Dr. William Wallace Whitney Christmas had an exceptional career as a North Carolina aeronaut. Born in Warrenton in 1865, Christmas began in childhood to study bird flight and experiment with kites. His fascination with flying grew. Christmas constructed larger, more complicated kites, and finally, gliders. In 1905 he flew a glider in a public exhibition at the Washington Monument.//Pop-up window//>
After his success with the glider, Christmas set out to build a powered plane. In 1908, he finished the Red Bird I, the first plane whose wings used inset ailerons . Christmas applied for a patent on the hinged aileron in 1910. His biplane was powered by a homemade, two-cylinder, fifteen-horsepower motor. Christmas claims to have flown the plane several times, which, if true, made him the first American after the Wrights to build and fly a powered airplane. The factuality of this claim is a source of speculation for air historians. Nevertheless, the aeronaut stepped further into the limelight when he founded the Christmas Aeroplane Company and successfully completed two more biplanes.
hinged wing sections that help control roll.
An airplane having two pairs of wings fixed at different levels.
When the Grand Central Palace Exhibition was scheduled to take place in New York City in May 1912, Christmas was presented with a promising deal by the U.S. Post Office. His biplane, the Red Bird III would carry the first airmail from Long Island to Washington, D.C. On June 6, 1912, pilot Clinton O. Hadley took off in the Red Bird III but, before flying to Washington, he decided to attempt a flight endurance record. He had been airborne for 185 miles when the engine died and Hadley glided to a safe landing. Inspection of the plane revealed sabotage, and the post office cancelled its contract with Christmas.
Christmas resurfaced in 1915 when he presented aircraft designs to the military. His warplanes would be the largest heavier-than-air crafts ever built, powered by a 1,600 horsepower motor, and able to carry bombs and other ammunition, in addition to a six-person crew. He baited the U.S. Army by announcing that the European Allies had already ordered eleven of his Battle-Cruisers, but the military was skeptical because of the inventor's shadowy past. None of Christmas's warplanes were ever sold, and his deal with the European Allies turned out to be a hoax.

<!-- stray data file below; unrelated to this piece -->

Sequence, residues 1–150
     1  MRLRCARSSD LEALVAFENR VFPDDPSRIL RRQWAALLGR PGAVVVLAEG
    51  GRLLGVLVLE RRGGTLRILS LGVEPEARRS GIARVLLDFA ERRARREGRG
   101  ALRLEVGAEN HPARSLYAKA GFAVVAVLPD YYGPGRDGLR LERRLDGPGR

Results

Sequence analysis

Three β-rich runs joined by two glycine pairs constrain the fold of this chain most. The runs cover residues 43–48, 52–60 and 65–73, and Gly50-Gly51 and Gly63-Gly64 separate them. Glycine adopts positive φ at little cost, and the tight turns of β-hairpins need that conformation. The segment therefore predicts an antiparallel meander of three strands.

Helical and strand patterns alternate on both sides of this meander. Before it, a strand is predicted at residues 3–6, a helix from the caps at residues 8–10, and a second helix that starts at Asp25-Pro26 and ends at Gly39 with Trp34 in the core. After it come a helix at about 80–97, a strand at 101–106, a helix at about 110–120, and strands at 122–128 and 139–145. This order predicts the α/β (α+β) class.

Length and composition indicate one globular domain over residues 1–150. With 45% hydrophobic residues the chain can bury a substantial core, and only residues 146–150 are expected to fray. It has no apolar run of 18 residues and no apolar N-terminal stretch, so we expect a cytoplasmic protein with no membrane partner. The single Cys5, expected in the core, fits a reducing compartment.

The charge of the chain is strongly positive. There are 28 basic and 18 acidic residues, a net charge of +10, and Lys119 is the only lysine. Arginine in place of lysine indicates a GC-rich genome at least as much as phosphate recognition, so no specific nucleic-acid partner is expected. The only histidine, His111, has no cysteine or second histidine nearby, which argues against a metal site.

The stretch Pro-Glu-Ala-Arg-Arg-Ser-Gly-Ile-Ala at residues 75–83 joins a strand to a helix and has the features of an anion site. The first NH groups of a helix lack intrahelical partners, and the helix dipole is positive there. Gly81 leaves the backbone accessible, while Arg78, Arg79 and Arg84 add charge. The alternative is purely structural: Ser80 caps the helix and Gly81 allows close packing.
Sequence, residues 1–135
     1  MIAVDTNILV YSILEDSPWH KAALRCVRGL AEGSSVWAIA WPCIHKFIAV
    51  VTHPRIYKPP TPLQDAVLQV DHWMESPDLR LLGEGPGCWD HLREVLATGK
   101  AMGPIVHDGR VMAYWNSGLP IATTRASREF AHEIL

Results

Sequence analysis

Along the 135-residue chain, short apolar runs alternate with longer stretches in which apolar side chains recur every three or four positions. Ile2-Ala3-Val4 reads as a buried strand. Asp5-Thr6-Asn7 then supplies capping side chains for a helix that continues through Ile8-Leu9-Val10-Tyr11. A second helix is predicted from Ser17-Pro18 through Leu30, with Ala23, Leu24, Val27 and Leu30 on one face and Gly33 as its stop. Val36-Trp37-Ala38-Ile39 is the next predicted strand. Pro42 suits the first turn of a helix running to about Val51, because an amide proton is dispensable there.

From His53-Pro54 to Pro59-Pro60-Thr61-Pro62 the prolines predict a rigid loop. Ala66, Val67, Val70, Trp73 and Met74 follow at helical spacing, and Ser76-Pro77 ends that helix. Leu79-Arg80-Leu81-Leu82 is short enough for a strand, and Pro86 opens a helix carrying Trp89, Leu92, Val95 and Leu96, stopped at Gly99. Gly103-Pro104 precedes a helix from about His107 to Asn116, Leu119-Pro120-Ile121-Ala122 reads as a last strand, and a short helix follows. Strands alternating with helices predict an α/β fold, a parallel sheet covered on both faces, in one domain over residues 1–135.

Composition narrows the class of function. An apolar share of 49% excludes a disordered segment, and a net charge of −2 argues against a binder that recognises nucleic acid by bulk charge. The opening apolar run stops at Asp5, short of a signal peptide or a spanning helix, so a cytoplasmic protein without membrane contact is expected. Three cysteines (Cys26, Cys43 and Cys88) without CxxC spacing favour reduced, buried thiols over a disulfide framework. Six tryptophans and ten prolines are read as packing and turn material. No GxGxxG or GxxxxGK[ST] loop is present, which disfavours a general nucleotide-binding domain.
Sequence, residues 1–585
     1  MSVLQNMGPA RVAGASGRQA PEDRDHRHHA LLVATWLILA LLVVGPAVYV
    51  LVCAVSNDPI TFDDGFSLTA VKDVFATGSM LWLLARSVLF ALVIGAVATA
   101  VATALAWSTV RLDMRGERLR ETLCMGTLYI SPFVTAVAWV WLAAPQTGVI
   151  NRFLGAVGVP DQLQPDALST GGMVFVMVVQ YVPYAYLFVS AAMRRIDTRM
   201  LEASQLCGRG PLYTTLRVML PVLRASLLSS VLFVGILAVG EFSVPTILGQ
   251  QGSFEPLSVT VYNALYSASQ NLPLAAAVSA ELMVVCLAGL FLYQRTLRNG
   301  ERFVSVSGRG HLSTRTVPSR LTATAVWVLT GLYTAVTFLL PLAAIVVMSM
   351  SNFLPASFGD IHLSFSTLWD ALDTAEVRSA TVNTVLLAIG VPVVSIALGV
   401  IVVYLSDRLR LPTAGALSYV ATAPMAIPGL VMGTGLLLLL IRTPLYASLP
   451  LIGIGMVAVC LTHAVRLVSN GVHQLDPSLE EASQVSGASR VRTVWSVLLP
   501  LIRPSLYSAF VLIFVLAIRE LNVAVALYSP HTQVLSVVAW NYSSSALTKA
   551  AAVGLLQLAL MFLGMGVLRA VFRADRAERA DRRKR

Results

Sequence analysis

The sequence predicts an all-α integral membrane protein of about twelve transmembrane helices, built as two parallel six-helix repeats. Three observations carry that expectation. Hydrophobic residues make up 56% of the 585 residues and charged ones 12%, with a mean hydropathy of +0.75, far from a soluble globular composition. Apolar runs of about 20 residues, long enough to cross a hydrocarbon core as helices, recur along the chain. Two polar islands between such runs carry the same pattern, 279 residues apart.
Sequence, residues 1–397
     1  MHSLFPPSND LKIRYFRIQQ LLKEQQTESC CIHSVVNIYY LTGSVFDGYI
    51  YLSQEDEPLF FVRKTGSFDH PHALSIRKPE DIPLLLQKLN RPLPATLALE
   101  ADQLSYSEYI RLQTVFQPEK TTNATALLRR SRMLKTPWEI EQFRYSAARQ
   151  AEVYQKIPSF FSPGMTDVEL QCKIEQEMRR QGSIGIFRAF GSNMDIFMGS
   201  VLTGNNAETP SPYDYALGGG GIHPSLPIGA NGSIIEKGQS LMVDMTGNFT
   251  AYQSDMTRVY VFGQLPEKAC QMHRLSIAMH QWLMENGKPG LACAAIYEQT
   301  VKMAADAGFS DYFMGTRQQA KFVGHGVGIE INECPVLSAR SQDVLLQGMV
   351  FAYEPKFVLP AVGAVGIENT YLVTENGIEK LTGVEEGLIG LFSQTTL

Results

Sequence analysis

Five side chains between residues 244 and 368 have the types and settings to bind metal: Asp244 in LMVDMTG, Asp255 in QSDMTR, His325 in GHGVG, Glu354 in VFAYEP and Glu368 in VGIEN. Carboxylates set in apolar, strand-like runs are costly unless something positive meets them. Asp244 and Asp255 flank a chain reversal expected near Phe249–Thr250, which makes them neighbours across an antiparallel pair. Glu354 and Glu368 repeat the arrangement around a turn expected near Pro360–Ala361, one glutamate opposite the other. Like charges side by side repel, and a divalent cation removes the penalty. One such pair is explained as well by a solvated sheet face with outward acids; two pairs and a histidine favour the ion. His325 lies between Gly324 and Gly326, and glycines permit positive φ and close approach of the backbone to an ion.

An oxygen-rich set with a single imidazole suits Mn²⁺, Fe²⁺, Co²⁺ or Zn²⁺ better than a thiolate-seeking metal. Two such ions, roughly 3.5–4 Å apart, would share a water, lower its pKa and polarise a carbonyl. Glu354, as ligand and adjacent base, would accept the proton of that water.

In 1917, Christmas bought the Continental Aircraft Company, and began working with engineer Vincent Burnelli to build a pursuit plane for the military. Called the Bullet, it was designed to have flexible wings and to reach speeds of over two hundred miles an hour. The plane would be perfect for wartime, and Christmas received ample support both in finances and production. The war had ended when the Bullet was finally ready to fly. In December 1918, Christmas's supporters described the test flights as huge successes. The plane supposedly reached a speed of 190 miles per hour before it came to a safe landing. In reality, the first test flight was a disaster. The Bullet's wings came off and the pilot, veteran Cuthbert Mills, crashed and died. Two subsequent test flights yielded similar wing malfunctions; the Bullet was now responsible for two deaths. Nevertheless, William Christmas loudly praised the Bullet's so-called world record speed of 222 miles per hour. Somehow, the Bullet's damage was kept quiet, and Christmas seemed unscathed by its failure.
In 1960, Christmas died in New York City. The creative genius from North Carolina was the mastermind behind approximately three hundred inventions and lived one of the most fantastic and notable lives in aviation history.